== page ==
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There are still children on the streets.

Updated: 5 days ago



April 12th was International Day for Street Children all around the world! Initiated by the Consortium for Street Children, a global alliance acting as the voice for street children, it ensures their rights to services, resources, care and opportunities.


This year’s theme centres around what makes street-connected children feel like they “belong” in their communities, countries and cultures.


Fernando and Nury Biasoli run the Marco Zero project in Recife, Northeast Brazil. For 20 years this couple have dedicated their lives to reaching out and working with street-connected children, ensuring that they feel loved, looked out for, cared for and that they matter to Society.


This year, I had the opportunity to visit the streets of Recife to see how Fernando and Nury’s important work enables street-connected children to feel a sense of belonging and importance. When we arrived in the trusty project van to one of the central squares in Recife, I saw a group of young people sniffing glue. In the same place very young children were playing ball. The contrast between the two activities could not have been greater. 


My heart felt sad! The scene through the van window was something I had only ever seen on the television or over the Internet. Now, here I was in the midst of children and young people whose daily experiences are deeply connected to the streets of this city. I wanted to cry! 


The door of Project Marco Zero’s trusty Combi van flies open.  We are immediately surrounded by a group of eager and smiling children who are very happy to see us. It is clear that the team are well-known by the children. We sit with them on the pavement. We take our games bag with us.  We play games with them. We draw with them.  We talk to them. We listen to them. We tell them stories. We spend time with them.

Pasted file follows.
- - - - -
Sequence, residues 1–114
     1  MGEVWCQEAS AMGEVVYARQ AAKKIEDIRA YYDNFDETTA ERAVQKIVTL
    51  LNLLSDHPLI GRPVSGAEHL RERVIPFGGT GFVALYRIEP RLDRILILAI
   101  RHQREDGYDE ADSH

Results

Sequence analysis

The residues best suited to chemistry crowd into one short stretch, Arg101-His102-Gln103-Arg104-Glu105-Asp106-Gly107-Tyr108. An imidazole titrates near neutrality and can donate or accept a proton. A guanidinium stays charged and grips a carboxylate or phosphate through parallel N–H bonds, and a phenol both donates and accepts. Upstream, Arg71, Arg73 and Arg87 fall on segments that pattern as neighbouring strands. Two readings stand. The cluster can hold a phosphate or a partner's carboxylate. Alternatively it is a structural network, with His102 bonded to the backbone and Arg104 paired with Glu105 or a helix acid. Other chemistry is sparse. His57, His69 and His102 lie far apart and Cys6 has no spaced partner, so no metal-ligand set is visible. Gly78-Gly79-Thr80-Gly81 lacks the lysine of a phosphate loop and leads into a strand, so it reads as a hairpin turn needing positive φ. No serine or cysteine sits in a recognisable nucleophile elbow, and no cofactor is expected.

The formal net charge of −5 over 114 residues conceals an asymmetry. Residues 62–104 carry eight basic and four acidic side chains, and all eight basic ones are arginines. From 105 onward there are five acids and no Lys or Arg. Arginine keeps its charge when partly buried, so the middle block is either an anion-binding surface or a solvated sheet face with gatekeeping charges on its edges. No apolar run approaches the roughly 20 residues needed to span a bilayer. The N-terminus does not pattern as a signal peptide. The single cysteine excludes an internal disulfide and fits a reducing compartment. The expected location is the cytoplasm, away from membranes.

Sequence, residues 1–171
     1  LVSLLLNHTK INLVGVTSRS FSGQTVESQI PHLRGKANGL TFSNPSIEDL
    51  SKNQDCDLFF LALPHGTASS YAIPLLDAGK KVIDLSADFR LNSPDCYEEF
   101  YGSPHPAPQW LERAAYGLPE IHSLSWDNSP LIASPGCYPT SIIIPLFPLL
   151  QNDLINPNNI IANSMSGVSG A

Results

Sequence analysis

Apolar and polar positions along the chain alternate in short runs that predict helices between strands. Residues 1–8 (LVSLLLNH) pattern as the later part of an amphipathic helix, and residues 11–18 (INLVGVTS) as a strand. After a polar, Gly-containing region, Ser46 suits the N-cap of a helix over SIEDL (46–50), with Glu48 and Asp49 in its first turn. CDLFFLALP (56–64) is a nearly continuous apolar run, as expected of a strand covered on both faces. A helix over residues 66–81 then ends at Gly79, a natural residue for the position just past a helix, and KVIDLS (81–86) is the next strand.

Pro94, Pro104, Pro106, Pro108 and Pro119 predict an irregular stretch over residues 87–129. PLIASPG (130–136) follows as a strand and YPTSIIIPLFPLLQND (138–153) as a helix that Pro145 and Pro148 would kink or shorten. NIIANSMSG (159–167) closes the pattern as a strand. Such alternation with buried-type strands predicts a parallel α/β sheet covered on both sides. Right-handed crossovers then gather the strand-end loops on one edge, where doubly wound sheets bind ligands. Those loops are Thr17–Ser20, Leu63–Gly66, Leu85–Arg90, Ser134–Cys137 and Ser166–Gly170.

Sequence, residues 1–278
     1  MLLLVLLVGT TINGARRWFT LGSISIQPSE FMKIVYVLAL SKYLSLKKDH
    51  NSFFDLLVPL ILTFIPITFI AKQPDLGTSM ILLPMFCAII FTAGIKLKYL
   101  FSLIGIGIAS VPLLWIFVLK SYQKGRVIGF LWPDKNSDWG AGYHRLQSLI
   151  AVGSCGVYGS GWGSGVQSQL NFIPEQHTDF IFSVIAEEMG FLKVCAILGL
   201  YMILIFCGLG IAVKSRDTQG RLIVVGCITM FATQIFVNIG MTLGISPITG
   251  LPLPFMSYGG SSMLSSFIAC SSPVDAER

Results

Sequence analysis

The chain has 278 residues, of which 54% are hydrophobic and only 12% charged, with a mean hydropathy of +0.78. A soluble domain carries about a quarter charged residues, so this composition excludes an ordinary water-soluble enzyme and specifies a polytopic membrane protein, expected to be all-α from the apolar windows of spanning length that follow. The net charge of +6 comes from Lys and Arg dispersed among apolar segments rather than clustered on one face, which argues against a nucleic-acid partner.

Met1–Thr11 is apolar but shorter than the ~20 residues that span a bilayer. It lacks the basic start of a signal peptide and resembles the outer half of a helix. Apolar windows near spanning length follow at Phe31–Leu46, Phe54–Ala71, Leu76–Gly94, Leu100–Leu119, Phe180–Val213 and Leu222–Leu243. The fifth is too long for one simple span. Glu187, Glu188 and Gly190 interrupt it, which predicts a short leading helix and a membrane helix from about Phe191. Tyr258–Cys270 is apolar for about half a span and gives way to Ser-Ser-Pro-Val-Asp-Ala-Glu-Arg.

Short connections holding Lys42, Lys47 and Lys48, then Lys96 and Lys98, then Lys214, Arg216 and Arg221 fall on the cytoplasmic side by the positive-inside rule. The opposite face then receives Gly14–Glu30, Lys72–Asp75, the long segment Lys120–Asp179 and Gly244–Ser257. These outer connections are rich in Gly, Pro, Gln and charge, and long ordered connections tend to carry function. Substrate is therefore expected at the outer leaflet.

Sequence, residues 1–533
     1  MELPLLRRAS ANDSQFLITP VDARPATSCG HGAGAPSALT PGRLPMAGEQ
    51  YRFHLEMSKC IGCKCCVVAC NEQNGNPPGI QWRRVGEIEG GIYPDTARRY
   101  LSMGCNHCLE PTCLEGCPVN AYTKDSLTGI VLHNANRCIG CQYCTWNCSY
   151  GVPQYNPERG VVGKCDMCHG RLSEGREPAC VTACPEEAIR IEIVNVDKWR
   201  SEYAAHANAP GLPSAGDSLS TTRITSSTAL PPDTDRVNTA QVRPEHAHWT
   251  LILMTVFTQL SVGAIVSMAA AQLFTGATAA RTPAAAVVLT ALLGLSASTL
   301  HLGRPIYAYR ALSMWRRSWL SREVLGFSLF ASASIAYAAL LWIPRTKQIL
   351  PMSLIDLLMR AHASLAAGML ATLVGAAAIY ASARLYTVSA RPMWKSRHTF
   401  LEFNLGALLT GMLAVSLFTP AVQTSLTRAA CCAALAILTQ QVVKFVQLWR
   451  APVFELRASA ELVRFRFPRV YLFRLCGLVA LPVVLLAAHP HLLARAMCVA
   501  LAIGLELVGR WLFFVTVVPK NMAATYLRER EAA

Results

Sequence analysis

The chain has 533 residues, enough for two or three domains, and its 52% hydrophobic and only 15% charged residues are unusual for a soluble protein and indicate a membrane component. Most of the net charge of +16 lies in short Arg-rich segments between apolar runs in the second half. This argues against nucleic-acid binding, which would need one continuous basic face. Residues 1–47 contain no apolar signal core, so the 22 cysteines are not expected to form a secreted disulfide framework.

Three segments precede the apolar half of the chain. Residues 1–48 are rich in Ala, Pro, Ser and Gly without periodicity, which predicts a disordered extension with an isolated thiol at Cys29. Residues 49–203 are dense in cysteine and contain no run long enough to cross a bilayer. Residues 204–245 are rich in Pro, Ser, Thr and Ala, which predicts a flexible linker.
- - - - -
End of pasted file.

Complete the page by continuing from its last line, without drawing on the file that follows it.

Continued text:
I discover that children and young people are on the streets for many different reasons.  For companionship, for food, to escape violence at home.  Some are as young as 4 or 5 years old. Some are alone and some are with siblings.


The Marco Zero team don’t offer food, but they do offer the ‘long-haul’ commitment of week in and week out visits to different areas of the city.  They provide a connection to these children, unconditional love and support.  They show that the children matter and are cared for.  They offer practical support in so many different ways; principally trying to reconnect these chidlren with their families and communities.  The arrival of the van brings hope and joy.  It brings a sense of belonging and family.


It is shocking that there are still children on the streets of Recife today. 

It was an eye-opening experience to spend time with the Marco Zero team.  From these experiences Happy Child International is fully aware of the issues that lead to children ending up on the streets.   We believe that our partner projects providing education and opportunities, prevention of and protection from violence and family care play a part in preventing more vulnerable children and young people ending up on the streets of this major city.



  • Written by Priscila Assis working with the Giving Hands Network, Vicosa, Brazil and supporting Happy Child International with Social Media and Communications

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